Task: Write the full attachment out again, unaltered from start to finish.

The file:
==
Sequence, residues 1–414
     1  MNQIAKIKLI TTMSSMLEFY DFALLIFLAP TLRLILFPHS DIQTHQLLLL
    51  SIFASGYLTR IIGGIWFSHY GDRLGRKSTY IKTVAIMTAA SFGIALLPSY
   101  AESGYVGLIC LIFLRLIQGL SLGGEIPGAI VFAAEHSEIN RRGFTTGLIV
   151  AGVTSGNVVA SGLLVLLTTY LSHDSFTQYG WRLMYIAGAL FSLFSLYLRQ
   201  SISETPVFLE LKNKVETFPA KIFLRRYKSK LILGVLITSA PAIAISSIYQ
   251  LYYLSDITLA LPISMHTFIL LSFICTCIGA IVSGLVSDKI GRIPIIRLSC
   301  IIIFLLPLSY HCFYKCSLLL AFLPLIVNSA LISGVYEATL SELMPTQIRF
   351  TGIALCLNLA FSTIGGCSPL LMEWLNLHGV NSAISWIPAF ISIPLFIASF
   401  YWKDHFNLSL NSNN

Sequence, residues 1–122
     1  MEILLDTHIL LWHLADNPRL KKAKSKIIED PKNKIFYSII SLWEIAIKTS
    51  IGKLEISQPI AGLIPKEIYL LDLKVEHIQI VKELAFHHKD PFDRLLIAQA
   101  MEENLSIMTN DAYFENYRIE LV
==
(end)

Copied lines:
Sequence, residues 1–414
     1  MNQIAKIKLI TTMSSMLEFY DFALLIFLAP TLRLILFPHS DIQTHQLLLL
    51  SIFASGYLTR IIGGIWFSHY GDRLGRKSTY IKTVAIMTAA SFGIALLPSY
   101  AESGYVGLIC LIFLRLIQGL SLGGEIPGAI VFAAEHSEIN RRGFTTGLIV
   151  AGVTSGNVVA SGLLVLLTTY LSHDSFTQYG WRLMYIAGAL FSLFSLYLRQ
   201  SISETPVFLE LKNKVETFPA KIFLRRYKSK LILGVLITSA PAIAISSIYQ
   251  LYYLSDITLA LPISMHTFIL LSFICTCIGA IVSGLVSDKI GRIPIIRLSC
   301  IIIFLLPLSY HCFYKCSLLL AFLPLIVNSA LISGVYEATL SELMPTQIRF
   351  TGIALCLNLA FSTIGGCSPL LMEWLNLHGV NSAISWIPAF ISIPLFIASF
   401  YWKDHFNLSL NSNN

Sequence, residues 1–122
     1  MEILLDTHIL LWHLADNPRL KKAKSKIIED PKNKIFYSII SLWEIAIKTS
    51  IGKLEISQPI AGLIPKEIYL LDLKVEHIQI VKELAFHHKD PFDRLLIAQA
   101  MEENLSIMTN DAYFENYRIE LV